Measuring Procrastination and Associated Probabilities for Student Success


Lalitha Agnihotri
McGraw Hill Education, Senior Learning and Data Scientist

Alfred Essa
McGraw Hill Education, VP Analytics and R&D

Chad Marchong
Georgia State University, Manager for Learning Analytics


Evidence from learning science research indicates that non-cognitive factors, which includes confidence, motivation, mindset, and grit, play a critical role in student achievement. In designing effective learning environments, we have to take into account both cognitive and non-cognitive factors and their impact on outcomes. In this presentation we present research evidence on procrastination, which plagues a large number of students. Then we discuss specific intervention strategies to mitigate the risk.


Lalitha is a Senior Data Scientist at McGraw-Hill Education. Lalitha Agnihotri holds a Ph.D. from Columbia University in Computer Science and has over 15 years of experience in the Data Mining/Modeling area. She has authored over 40 peer reviewed conference and journal papers and has presented at several international  conferences. She has applied a wide variety of learning algorithms to huge amounts of data to enable applications related to prediction of outcomes.

Alfred is VP of Research and Data Science at McGraw-Hill Education (MHE). He leads learning science research and data science at MHE with the goal of generating of next-generation products and solutions in education. He has held leadership roles in academia and industry, including serving as Dir. of Innovation and Analytics Strategy at Desire2Learn and CIO at MIT’s Sloan School of Management. At MIT he was the recipient of an MIT Excellence Award for innovative solutions.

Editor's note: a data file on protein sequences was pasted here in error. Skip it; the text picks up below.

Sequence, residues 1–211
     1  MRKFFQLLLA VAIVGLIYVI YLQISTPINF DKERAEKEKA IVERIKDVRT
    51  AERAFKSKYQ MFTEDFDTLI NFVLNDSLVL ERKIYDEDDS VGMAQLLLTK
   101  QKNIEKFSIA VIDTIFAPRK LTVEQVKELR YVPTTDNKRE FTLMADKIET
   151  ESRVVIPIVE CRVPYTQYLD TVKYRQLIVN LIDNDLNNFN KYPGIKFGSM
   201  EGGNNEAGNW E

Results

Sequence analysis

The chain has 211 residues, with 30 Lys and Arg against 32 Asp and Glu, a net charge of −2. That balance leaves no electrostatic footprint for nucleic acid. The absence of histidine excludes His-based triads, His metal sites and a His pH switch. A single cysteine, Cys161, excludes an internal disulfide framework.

Chad Marchong is the Manager for Learning Analytics with the Center for Excellence for Teaching and Learning (CETL) at Georgia State University. He has worked in higher education for ten years. He is currently establishing GSU’s Learning Analytics initiatives that are aligned with the Student Success goals of the university. He was previously the Manager for Learning Technology Solutions at CETL where he managed GSU’s digital learning environment. He was responsible for the university’s learning management system and the evaluation, maintenance, and implementation of digital teaching tools.